‘Someday We Will Fly’ by Rachel DeWoskin is a complicated YA historical fiction about Jewish refugees in Shanghai

someday fly

“Someday We Will Fly” by Rachel DeWoskin is a fascinating account of Jewish refugees during WWII who escaped to Shanghai, one of the few places they could go without a visa. Not only is the setting unusual for a Holocaust story, main character Lillia and her family defy Jewish stereotypes — her parents are circus performers.

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‘The Widows’ by Jess Montgomery is a gripping historical fiction set in turbulent coal mining Appalachia

widows

In “The Widows,” author Jess Montgomery visits a time and place that is not often memorialized in fiction. In a corner of rural Ohio, where coal mines control the lives of the residents and the immigrants who come to America to work in the mines, the lives of the miners and those who live in town intersect through the relationship of two women, both widows, who fight for justice.

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‘Caught in Time’ by Julie McElwain is the third novel in the Kendra Donovan mystery series

caught in time

“Caught in Time” by Julie McElwain is a thrilling action mystery featuring Kendra Donovan, an FBI agent who was thrown into the past, to 1815 Regency England. It’s a far cry from the 21st century and her life as a profiler for the FBI, but in each of the three Kendra Donovan mystery novels, Donovan manages to get embroiled in a murder, and she’s the best chance at getting the real culprit found.

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‘Two Roads’ by Joseph Bruchac Is a Middle Grade Historical Fiction About Identity and Prejudice

2 roads

With “Two Roads,” Joseph Bruchac again demonstrates his brilliance with a novel that inspires as much as it teaches readers about a neglected part of US history, the treatment of veterans after the first World War. The compelling story also shares very much more — including ideas about morality among the hoboes of that time, prejudicial treatment of Native Americans and prejudicial treatment by Native Americans, government wrongdoing, and the importance of family and friends.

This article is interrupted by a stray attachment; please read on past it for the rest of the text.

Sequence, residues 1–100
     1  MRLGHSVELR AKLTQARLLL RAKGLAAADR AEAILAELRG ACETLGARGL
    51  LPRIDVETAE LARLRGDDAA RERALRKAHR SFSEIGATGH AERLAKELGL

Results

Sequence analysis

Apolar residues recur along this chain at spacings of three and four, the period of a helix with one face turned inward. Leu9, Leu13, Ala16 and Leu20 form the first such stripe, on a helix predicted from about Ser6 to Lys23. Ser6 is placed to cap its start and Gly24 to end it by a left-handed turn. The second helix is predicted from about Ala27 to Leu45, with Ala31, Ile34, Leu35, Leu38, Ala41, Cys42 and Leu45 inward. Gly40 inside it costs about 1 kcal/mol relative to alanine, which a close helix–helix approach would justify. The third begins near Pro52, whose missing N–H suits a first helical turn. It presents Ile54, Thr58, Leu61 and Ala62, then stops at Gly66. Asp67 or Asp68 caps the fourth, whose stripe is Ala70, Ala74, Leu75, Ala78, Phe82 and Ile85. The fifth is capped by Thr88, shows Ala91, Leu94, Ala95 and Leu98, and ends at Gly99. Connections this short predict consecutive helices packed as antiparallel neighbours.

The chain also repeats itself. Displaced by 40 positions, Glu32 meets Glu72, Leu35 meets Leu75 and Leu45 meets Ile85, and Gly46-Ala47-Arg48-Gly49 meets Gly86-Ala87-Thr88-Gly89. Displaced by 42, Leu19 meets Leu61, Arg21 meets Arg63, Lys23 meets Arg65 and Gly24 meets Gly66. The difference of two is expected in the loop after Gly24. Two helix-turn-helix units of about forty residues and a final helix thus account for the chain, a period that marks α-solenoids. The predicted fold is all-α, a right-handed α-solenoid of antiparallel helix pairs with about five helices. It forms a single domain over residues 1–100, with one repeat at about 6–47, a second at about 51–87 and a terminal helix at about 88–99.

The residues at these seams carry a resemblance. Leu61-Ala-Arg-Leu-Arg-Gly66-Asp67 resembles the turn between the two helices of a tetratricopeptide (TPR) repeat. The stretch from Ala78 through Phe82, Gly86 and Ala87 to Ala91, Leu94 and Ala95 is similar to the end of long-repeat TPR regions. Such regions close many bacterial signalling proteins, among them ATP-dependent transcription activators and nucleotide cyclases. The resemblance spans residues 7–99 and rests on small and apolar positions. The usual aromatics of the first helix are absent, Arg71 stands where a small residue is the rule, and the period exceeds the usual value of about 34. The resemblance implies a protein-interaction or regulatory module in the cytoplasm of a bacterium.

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‘Summer Wives’ by Beatriz Williams Is a Tale of Wealth, Betrayal, and Sacrifice

 

summer

Beatriz Williams loves writing about those who live and play on the East Coast, and with “The Summer Wives,” she continues to show the rest of us how the 1% live and how those who serve the 1% survive. “The Summer Wives” takes place on a very secluded island where the extremely wealthy spend their summers, and the descendants of Portuguese fishermen and their families serve them.

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Romance Novels “Duke” It Out This Year

There are always romance novels with imaginative titles, but this year, the word “Duke” graces the covers of many. From an illegitimate duke to a modern Scot sword-maker duke, the choices are astounding. Here are nine of them for your reading enjoyment.

illegitimate duke“The Illegitimate Duke” by Sophie Barnes is the newest in her “Diamonds in the Rough” series. It features a do-gooder, Lady Juliette Matthews, who wants to use her newly acquired fortune to help those less fortunate, and Florian Lowell, a physician, who is suddenly made heir to a duke. There is the mutual attraction, to be sure, but also a compelling reason why they can’t be together…or can they?

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‘The Not-So-Boring Letters of Private Nobody’ by Matthew Landis

private nobody

“The Not-So-Boring Letters of Private Nobody” by Matthew Landis is a lovely story about a seventh-grade-boy learning what is important about life, war, and love. The book might ignite a passion for history in the heart of its readers. It’s obvious that the author has that passion, and he communicates it in each and every page. It’s also obvious that Landis really “gets” middle grade students, especially those who don’t always fit in.

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‘Write to Me: Letters from Japanese American Children to the Librarian They Left Behind’

write to me

A beautifully written, touching picture book about a shameful period of American history is “Write to Me: Letters from Japanese American Children to the Librarian They Left Behind” by Cynthia Grady and illustrated by Amiko Hirao.

The book includes pictures from that time of children wearing identification tags and families with their belongings (they were only allowed to bring what they could carry). At the heart of the story is Clara Breed, a children’s librarian in San Diego County where many Japanese American families lived. She formed relationships with her patrons, and when they told her that they were going to be imprisoned because they were of Japanese descent, she gave them postcards so they could keep in contact with her.

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‘The Night Dairy’ by Veera Hiranandani: An Historical Fiction Middle Grade Novel About the Partition of India

the night diary

In “The Night Diary” by Veera Hiranandani, readers will get a chance to learn about a piece of history that is not often included in children’s books — the partition of India. In fact, this adult reader learned much about that historic event.

While many adults know that upon gaining independence from Great Britain, India was divided into India and Pakistan, one a Hindu country and the other Muslim, adults like me know little about the actual event and how smoothly (or not) the transition and partition went. It did not go well.

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